Before I moved to Wetaskiwin, I didn’t spend much time around the medical profession. When we had been married a little over a year, my wife became pregnant, and that changed things forever. Doctor’s appointments became the norm, and trips to the pharmacy were a frequent event that, thankfully, we grew to look forward to.
I have never met a pharmacist or pharmacy staff member in our city that I didn’t like. In my experience, they are among the friendliest people in town. We go to the pharmacy at Safeway almost exclusively, but I’ve had occasion to stick my head in the door of a few other places, and my experiences have been positive, time and again. For example, both times I stepped into the Wetaskiwin Family Pharmacy the ladies behind the counter were literally laughing with joy over some joke they were sharing, but were more than happy to stop and serve me with a friendly smile. It wasn’t the kind of laughter that is at someone’s expense, or where you walk in on it and it is immediately awkward. It was the kind of laughter and the kind of people who make the instantaneous decision to let you in on their happiness. Can they possibly enjoy their jobs that much, or are they just quality people? I’m guessing a little bit of both.
We love they pharmacy staff at Safeway. While our boys literally could not be more wonderful, unfortunately the time they spent growing inside my wife could have been A LOT more wonderful. Pregnancy is a cruel, cruel master over my poor, brave wife, and over those months I was a frequent visitor at the back counter at Safeway. The prescriptions were always accompanied by an enquiry after my wife’s health, an expression of disappointment that the current trimester was, yet again, no better than the last, or a friendly demand that we bring the baby by as soon as he made his appearance. I was new in town when this was happening, and I found myself considering these genuine, friendly people to be some of my most cherished acquaintances, even friends. When our first son was born, we made a special trip to the pharmacy to introduce him, and the cooing and oohing and awing must have been heard across the store. When our second son was born a little over two years later, the reaction was the same.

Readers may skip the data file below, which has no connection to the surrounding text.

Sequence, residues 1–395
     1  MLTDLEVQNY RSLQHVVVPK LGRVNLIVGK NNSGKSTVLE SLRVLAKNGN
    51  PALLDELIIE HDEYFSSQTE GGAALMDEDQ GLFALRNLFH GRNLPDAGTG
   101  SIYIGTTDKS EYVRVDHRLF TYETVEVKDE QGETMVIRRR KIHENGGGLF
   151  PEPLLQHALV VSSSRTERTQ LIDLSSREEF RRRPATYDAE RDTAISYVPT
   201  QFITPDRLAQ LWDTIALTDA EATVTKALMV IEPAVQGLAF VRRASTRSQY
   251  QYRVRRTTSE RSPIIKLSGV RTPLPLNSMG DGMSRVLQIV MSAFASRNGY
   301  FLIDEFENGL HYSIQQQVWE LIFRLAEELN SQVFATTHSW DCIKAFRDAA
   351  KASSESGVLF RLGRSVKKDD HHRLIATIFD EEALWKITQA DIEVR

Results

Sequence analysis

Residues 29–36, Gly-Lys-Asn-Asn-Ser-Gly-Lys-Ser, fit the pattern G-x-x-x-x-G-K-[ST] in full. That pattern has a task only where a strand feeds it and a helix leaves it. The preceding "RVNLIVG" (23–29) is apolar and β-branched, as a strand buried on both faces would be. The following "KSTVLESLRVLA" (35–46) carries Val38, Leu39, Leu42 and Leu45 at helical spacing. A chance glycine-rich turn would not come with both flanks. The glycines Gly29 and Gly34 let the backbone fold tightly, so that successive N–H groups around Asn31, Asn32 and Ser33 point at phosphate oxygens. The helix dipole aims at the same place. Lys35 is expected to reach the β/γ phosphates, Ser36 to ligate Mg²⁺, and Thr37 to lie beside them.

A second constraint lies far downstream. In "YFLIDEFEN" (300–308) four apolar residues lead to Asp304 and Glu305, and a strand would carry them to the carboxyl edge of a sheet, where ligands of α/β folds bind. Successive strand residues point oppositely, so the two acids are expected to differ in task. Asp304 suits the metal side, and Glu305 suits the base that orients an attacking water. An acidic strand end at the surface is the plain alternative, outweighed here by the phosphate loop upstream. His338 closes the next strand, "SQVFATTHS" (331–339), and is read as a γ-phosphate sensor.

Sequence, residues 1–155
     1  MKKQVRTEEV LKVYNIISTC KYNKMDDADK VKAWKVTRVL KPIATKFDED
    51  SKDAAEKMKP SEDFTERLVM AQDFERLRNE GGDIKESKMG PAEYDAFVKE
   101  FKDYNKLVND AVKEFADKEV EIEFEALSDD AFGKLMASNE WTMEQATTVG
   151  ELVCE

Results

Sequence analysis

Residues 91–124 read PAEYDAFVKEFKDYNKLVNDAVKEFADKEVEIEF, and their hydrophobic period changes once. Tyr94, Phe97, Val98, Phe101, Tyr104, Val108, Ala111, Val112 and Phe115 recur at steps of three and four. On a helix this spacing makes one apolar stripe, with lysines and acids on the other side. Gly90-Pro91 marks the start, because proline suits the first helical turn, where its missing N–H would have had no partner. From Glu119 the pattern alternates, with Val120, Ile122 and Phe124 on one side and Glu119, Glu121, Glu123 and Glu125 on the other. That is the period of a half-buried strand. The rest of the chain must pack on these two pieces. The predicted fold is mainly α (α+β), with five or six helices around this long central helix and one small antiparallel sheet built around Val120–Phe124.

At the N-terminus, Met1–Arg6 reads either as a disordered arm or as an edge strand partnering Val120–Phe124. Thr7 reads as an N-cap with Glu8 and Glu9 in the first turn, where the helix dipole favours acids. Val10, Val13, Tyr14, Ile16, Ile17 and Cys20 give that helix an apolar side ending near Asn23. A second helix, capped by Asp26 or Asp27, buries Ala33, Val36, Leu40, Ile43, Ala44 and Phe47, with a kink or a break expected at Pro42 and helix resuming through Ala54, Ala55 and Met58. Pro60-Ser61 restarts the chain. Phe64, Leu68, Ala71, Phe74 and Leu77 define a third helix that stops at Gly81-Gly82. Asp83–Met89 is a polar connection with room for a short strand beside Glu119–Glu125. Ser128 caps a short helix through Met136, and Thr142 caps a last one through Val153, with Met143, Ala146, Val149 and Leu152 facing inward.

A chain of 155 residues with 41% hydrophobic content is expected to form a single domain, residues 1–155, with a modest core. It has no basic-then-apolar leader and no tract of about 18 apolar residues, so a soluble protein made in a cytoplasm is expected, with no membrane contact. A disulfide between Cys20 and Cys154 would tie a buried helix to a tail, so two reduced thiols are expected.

And it hasn’t ended there. These busy people are never too busy to answer our questions, often going beyond protocol and delving into their own personal experiences to help us make informed decisions regarding ours and our sons’ health. Several of these fine people have been serving my wife’s family for decades, and their loyalty and dedication is hard to miss.
It always feels good to be a “regular,” and to have a “usual” (even if it’s anti-nausea medication) is something to treasure. I never expected to find such an experience in my local pharmacy, but I’m glad I have. Though it may seem trivial, this is one of the things that I truly love about this town.
Therefore, raise a glass to the fine pharmacists of Wetaskiwin! Thanks for doing your part in keeping optimism alive.